There’s a Redner’s Supermarket just outside the city, where I get all our drinks – milk, soda, etc. – because the city has an oppressive soda tax. I always say hello to older customers if I pass them by, because they seem very lonely. I think this is a fantastic idea.

Colette Cloosterman-van Eerd, CCO of Jumbo and the driving force behind the National Coalition against Loneliness, is closely involved in the initiative. She says, “Many people, especially the elderly, sometimes feel lonely. As a family business and supermarket chain, we are at the heart of society.”

“Our stores are an important meeting place for many people and we want to play a role in identifying and reducing loneliness. We do this in various ways, including our Kletskassas. We are proud that many of our cashiers like to take a seat behind a Kletskassa. They support the initiative and want to help people to make real contact with them out of genuine interest.”

While I’m not sure it would work in America’s big cities, this is a program many countries should adopt.

Feel-Good Friday

A Russian woman adopted a brown bear born and raised in captivity, and the two have become the very best of friends.

Archie the brown bear and Veronika Dichka like to spend time fishing on the lake in their native Novosibirsk, in southern Siberian, Russia. Veronika rescued Archie from a safari park that was running out of business two years ago and has since kept him as a pet.

“We rescued him from the safari park but can’t release him into the wild as he has lived in captivity his whole life,” Veronika said.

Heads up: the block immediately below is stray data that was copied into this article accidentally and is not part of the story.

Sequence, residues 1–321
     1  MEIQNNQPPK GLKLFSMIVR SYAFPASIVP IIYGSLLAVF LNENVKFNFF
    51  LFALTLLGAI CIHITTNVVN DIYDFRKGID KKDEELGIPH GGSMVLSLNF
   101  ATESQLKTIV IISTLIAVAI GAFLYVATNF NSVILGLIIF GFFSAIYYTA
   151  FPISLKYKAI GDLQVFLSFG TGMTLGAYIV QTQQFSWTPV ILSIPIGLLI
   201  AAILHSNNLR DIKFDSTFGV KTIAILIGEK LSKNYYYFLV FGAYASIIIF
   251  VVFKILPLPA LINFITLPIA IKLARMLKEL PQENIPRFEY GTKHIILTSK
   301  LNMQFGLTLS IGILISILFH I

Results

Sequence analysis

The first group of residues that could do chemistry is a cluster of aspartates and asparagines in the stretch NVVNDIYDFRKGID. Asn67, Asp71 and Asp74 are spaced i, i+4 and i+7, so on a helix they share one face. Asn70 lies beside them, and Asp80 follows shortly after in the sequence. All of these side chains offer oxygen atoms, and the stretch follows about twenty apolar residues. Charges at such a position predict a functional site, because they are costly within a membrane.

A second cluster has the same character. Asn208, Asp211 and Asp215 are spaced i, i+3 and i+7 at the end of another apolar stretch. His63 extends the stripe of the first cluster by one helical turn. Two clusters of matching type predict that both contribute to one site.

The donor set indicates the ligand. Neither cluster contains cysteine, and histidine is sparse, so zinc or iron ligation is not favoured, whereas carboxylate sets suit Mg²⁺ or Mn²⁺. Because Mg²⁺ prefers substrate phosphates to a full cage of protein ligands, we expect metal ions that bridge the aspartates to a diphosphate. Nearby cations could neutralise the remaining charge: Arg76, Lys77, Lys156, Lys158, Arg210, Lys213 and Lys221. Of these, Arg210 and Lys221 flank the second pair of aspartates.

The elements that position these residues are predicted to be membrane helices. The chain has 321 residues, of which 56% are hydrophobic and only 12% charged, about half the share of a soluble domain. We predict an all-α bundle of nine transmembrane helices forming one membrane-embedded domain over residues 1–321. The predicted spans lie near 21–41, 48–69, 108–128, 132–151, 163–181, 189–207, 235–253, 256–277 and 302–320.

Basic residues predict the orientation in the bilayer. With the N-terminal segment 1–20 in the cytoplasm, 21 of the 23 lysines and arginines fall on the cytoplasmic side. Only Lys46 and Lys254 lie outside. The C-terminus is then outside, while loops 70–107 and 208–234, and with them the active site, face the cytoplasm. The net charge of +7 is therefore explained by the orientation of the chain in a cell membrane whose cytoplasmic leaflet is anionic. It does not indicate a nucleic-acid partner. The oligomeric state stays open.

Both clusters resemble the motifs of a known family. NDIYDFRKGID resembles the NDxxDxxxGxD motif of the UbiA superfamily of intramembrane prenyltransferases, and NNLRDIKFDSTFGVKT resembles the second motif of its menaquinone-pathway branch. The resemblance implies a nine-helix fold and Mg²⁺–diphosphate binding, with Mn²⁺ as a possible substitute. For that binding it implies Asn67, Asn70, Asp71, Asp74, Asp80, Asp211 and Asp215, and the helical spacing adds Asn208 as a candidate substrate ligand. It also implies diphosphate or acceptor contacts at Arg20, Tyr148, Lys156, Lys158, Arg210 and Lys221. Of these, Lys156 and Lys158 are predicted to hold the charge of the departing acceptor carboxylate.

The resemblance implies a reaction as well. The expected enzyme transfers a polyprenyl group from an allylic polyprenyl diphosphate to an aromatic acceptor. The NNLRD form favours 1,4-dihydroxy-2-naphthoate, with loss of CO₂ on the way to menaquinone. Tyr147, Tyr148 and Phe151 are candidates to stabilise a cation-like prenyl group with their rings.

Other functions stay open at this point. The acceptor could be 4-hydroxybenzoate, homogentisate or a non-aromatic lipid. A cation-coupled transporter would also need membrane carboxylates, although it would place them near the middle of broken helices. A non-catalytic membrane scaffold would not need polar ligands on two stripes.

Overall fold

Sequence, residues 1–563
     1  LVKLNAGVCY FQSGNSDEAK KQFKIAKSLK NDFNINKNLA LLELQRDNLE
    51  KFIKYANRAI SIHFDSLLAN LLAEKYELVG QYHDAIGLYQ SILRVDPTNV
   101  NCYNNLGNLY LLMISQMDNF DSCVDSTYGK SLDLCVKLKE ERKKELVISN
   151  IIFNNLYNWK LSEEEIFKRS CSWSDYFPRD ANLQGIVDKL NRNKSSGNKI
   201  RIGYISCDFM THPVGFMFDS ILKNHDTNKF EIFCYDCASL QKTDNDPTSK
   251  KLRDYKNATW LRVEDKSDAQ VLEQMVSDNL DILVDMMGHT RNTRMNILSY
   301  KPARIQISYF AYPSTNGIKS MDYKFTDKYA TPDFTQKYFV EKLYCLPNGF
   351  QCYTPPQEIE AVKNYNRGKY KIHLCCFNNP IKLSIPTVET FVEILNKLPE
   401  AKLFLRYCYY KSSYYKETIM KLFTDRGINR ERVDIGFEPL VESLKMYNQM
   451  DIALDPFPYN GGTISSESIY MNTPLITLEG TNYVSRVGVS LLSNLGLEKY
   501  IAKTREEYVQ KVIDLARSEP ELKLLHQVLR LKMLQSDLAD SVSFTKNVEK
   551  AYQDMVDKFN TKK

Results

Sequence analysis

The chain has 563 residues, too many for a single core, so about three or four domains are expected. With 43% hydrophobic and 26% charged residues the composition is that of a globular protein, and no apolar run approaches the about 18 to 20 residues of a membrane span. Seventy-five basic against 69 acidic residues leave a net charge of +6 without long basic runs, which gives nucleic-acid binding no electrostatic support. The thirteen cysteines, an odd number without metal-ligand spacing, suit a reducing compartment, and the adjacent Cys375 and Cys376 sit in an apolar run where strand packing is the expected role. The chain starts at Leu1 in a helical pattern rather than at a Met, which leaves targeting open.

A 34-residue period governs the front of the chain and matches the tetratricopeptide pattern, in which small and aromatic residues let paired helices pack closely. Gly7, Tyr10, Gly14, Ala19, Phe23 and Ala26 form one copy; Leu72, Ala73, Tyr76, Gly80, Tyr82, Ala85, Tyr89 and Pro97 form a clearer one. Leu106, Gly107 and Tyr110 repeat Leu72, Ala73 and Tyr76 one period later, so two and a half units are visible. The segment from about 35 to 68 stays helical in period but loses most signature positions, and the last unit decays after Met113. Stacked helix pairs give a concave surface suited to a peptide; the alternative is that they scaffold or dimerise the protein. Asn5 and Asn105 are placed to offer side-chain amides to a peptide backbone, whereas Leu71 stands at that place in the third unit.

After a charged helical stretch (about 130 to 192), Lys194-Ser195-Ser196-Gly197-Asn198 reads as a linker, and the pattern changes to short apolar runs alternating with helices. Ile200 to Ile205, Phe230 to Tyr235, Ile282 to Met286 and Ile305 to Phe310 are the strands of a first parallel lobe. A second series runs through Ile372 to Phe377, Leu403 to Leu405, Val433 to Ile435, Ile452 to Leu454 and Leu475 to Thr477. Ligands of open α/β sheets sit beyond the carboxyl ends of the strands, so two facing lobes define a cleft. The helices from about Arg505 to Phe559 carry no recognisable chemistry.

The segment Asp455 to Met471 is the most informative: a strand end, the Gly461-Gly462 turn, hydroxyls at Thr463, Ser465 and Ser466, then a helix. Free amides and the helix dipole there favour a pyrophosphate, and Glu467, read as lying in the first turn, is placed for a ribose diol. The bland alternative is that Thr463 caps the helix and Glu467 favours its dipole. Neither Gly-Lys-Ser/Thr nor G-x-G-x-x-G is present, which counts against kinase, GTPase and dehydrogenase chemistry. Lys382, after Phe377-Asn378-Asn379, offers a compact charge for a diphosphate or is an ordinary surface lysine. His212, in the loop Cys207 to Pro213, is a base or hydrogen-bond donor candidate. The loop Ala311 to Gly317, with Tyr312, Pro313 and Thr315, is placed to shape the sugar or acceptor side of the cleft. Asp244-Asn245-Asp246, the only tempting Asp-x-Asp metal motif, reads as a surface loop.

The pair are like any other friends cherishing each other’s company and enjoy their quality time in the water. (H/TMike AKA Proof)

Russian women are very tough, so maybe she knows what she is doing. It’s a great story, but I hope Veronika and Archie’s relationship never goes sour.

Feel-Good Friday

A 4,000-year old Bronze Age coffin was found in the pond of a British golf course, which contained the decedent inside. It’s an amazing archeological find which is being processed by the University of Sheffield’s Archeology Department.

An early Bronze Age log coffin containing the remains of a man buried with an axe thought to date from 4,000 years ago has been discovered accidentally on a golf course.

The discovery of the coffin and its contents sparked a rescue mission funded by a £70,000 ($97,000) grant from Historic England and supported by a team of staff and students from the University of Sheffield’s Department of Archaeology working nearby who offered their assistance.

The coffin, which is three meters long and one meter wide, was specially protected to ensure the delicate structure did not crumble after it was exposed to the sun and air. It was made from hollowing out a tree trunk, and plants were used to cushion the body, then a gravel mound was raised over the grave; practices that were only afforded to people with a high status within Bronze Age society.

According to the archaeologists, the axe seems more a symbol of authority than a practical tool, while the coffin gives an insight into how social hierarchy was marked out in the early Bronze Age.

I’ve played golf for years, and the best thing I ever found on a course was the occasional ball and some spare change.

Feel-Good Friday